**Theorem 5.4.3**:

and

**Theorem 5.4.4**:

**Theorem 5.4.6**:

## 5.5 Convergence Concepts

### 5.5.1 Convergence in Probability

**Definition 5.5.1**:

or,

**Theorem 5.5.2 (Weak Law of Large Numbers)**:

### 5.5.2 Almost Sure Convergence

**Definition 5.5.6**:

**Theorem 5.5.9 (Strong Law of Large Numbers)**:

### 5.5.3 Convergence in Distribution

**Definition 5.5.10**:

**Theorem 5.5.14 (Central Limit Theorem)**: Let $X_1, X_2, \dots $ be a sequence of iid random variables whose mgfs exist in neighborhood of 0 (that is , $M_{X_i}(t)$ exists for `\(|t| < h\)`

, for some positive $h$). Let $\mathrm{E}X_i = \mu$ and $\mathrm{Var}X_i = \sigma^2 > 0$. (Both $\mu$ and $\sigma^2$ are finite since the mgf exists.) Define $\bar{X_n} = (1/n)\sum_{i=1}^n X_i$. Let $G_n(x)$ denote the cdf of $\sqrt{n}(\bar{X_n}-\mu)/\sigma$. Then, for any $x$, $-\infty < x < \infty$,

### 5.5.4 The Delta Method

## 5.6 Generating a Random Sample

### 5.6.1 Direct Methods

### 5.6.2 Indirect Methods

### 5.6.3 The Accept/Reject Algorithm

### 5.6.(4) The MCMC methods

**Gibbs Sampler**

**Metropolis Algorithm**

# 6 Principles of Data Reduction

## 6.1 Introduction

Three principles of data reduction:

- The Sufficiency Principle
- The Likelihood Principle
- The Equivariance Principle

## 6.2 The Sufficiency Principle

### 6.2.1 Sufficient Statistics

**Definition 6.2.1**: A statistic $T(X)$ is a sufficient statistic of $\theta$ if the conditional distribution of the sample $X$ given the value of $T(X)$ does not depend on $\theta$.

**Theorem 6.2.2**: If `\(p(x | \theta)\)`

is the joint pdf or pmf of $X$ and `\(q(t | \theta)\)`

is the pdf or pmf of $T(X)$, then $T(X)$ is a sufficient statistic for $\theta$ if, for every $x$ in the sample space, the ratio `\(p(x | \theta)/q(T(X) | \theta)\)`

is constant as a function of $\theta

**Theorem 6.2.6 (Factorization Theorem)**: Let `\(f(x | \theta)\)`

denote the joint pdf or pmf of a sample $X$. A statistic $T(X)$ is a sufficient statistic for $\theta$ if and only if there exist functions `\(g(x | \theta)\)`

and $h(x)$ such that, for all sample points $x$ and all parameter points $\theta$,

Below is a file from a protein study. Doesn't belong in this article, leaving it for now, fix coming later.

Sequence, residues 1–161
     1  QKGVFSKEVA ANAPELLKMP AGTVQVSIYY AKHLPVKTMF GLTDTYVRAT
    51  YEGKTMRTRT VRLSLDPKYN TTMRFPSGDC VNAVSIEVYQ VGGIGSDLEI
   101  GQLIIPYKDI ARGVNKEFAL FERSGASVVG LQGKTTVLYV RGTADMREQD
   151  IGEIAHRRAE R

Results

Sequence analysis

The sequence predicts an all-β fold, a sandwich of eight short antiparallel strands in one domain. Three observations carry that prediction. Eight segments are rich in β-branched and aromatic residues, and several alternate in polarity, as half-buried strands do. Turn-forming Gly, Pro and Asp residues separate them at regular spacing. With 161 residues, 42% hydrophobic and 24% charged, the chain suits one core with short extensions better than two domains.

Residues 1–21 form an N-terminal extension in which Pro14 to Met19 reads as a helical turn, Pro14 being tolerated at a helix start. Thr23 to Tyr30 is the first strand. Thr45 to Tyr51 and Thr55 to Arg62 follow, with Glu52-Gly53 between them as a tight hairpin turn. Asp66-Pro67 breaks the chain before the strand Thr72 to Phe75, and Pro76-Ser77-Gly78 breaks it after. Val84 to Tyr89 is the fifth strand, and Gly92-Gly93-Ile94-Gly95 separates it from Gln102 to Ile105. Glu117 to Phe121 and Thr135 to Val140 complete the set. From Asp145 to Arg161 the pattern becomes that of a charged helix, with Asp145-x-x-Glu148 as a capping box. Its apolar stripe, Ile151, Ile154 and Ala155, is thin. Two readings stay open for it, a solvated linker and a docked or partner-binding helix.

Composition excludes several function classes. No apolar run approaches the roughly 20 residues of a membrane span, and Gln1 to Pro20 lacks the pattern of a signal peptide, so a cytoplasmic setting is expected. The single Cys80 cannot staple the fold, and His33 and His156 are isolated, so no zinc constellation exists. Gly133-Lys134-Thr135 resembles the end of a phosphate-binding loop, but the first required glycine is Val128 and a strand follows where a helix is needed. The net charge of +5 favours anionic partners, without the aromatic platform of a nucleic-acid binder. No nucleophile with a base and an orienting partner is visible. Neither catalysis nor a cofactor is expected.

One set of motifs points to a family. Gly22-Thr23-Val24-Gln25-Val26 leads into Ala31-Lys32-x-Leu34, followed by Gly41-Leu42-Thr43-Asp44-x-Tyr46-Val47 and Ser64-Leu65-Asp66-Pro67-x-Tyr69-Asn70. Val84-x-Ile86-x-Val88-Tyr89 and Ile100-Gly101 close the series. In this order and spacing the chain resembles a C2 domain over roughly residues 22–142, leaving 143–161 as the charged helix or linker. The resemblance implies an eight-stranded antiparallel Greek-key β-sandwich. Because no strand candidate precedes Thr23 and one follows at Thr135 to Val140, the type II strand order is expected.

### 6.2.2 Minimal Sufficient Statistics

### 6.2.3 Ancillary Statistics

**Definition 6.2.16**: A statistic $S(X)$ whose distribution does not depend on the parameter $\theta$ is called an ancillary statistic.

### 6.2.4 Sufficient, Ancillary, and Complete Statistics

**Example 6.2.20 (Ancillary precision)**

**Theorem 6.2.24 (Basu’s Theorem)**: If T(X) is a complete and minimal sufficient statistic is independent of every ancillary statistic.

**Theorem 6.2.25 (Complete statistic in the exponential family)**: Let $X_1, \dots, X_n$ be iid observations from an exponential family with pdf or pmf of the form

where $\theta = (\theta_1, \dots, \theta_k)$. Then the statistic

is complete as long as the parameter space $\Theta$ contains an open set in $R^k$.

## 6.3 The Likelihood Principle

## 6.4 The Equivariance Principle

# 7 Point Estimation

## 7.1 Introduction

This chapter is divided into two parts. The first part deals with methods for finding estimators, and the second part deals with evaluating these estimators.

**Definition 7.1.1** A point estimator is any function $W(X_1, \dots, X_x)$ of a sample; that is, any statistic is a point estimator.

## 7.2 Methods of Finding Estimators

### 7.2.1 Method of Moments

### 7.2.2 Maximum Likelihood Estimators

### 7.2.3 Bayes Estimators

### 7.2.4 The EM Algorithm

## 7.3 Methos of Evaluating Estimators

### 7.3.1 Mean Squared Error

**Definition 7.3.1** The mean squared error of an estimator $W$ of a parameter $\theta$ is the function of $\theta$ defined by $\mathrm{E}_\theta(W - \theta)^2$.

### 7.3.2 Best Unbiased Estimators

**Definition 7.3.7** An estimator `$W^*$`

is a best unbiased estimator of $\tau(\theta)$ if it satisfies `$E_\theta W^* = \tau(\theta)$`

for all $\theta$ and, for any other estimator $W$ with $E_\theta W = \tau(\theta)$, we have `$\mathrm{Var}_\theta W^* \le \mathrm{Var}_\theta W$`

for all $\theta$. `$W^*$`

is also called a uniform minimum variance unbiased estimator (UMVUE) of $\tau(\theta)$.

**Theorem 7.3.9 (Cramer-Rao Inequality)**: Let $X_1, \dots, X_n$ be a sample with pdf `$f(x | \theta)$`

, and let $W(X) = W(X_1, \dots, X_n)$ be any estimator satisfying

and

Then

**Corollary 7.3.10 (Cramer-Rao Inequality, iid case)** If the assumptions of Theorem 7.3.9 are satisfied and, additionally, if $X_1, \dots, X_n$ are iid with pdf `\(f(x|\theta)\)`

, then

**Lemma 7.3.11** If `\(f(x|\theta)\)`

satisfies

(true for an exponential family), then

**Corollary 7.3.15 (Attainment Let $X_1, \dots, X_n$ be iid `\(f(x|\theta)\)`

, where `\(f(x|theta)\)`

satisfies the conditions of Cramer-Rao Theorem. Let `\(L(\theta|X)=\prod_{i=1}^n f(x_i|\theta)\)`

### 7.3.3 Sufficiency and Unbiasedness

**Theorem 7.3.17 (Rao-Blackwell)** Let W be any unbiased estimator of $\tau(\theta)$, and let T be a sufficient statistic for $\theta$. Define `\(\phi(T) = \mathrm{E}(W|T)\)`